When word arrived that President Obama selected Dr. Clifford Stanley, a retired Marine general, as his nominee for Under Secretary of Defense for Personnel and Readiness, we thought we’d finally have a senior ally on our side of the Don’t Ask Don’t Tell debate. So why isn’t Stanley meeting our expectations?
Because he wants the U.S. Senate to confirm him without any issues, stupid.
At yesterday’s Senate Armed Services Committee confirmation hearing for Stanley — who, if appointed, would be the Pentagon’s pointman for DADT — it was Sen. John McCain who took a particular interest in the 33-year Marine veteran’s view on the policy. McCain, repeating what we already knew, addressed Stanley: “I would be remiss if I didn’t mention a challenge that will probably fall under your purview, and that would be changing the DOD’s homosexual conduct policy. … I would be opposed to any attempt at modifying the existing policy in ways that will harm military readiness, placing upon the shoulders of military leaders an extra burden they simply do not need.” But it was Democrats who actually asked Stanley about his position, reports Kerry Eleveld.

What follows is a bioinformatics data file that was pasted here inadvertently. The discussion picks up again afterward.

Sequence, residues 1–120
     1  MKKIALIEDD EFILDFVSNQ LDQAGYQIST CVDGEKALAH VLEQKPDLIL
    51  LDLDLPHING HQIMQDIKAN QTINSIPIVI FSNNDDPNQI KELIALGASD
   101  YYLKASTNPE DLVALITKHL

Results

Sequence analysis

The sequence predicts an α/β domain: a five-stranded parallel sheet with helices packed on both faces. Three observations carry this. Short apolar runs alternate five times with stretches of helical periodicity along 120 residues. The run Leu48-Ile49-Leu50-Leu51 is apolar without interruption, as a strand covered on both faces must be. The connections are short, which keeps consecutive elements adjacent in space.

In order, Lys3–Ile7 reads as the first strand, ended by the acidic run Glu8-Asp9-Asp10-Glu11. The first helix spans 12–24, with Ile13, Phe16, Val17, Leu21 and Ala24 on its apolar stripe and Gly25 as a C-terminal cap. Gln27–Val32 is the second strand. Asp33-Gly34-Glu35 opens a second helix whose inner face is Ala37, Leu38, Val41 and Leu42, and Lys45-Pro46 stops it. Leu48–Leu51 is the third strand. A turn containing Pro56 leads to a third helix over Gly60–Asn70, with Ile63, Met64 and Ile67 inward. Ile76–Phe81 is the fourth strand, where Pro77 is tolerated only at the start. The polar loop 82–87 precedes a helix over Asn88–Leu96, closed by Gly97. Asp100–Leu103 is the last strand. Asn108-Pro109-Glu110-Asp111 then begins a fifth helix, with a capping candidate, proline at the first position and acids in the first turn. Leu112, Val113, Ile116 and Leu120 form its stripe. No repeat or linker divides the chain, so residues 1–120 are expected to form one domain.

When quizzed by Democratic Colorado Sen. Mark Udall of Colorado if he would support Obama’s call to lift the ban, Stanley replied, “Senator, I clearly recognize that this is a very sensitive issue, it is an issue that I’m prepared to address if confirmed. … This is a very very challenging subject, but one that I know we can get our arms around. I have to provide, based upon that input, a recommendation to Secretary Gates.”
Clearly, the man has been coached well. He gave the sort of vague, non-answers that Republicans won’t be able to point out to cause controversy, while ably easing the minds of anti-DADT Democrats.
And it’s exactly what was to be expected of him.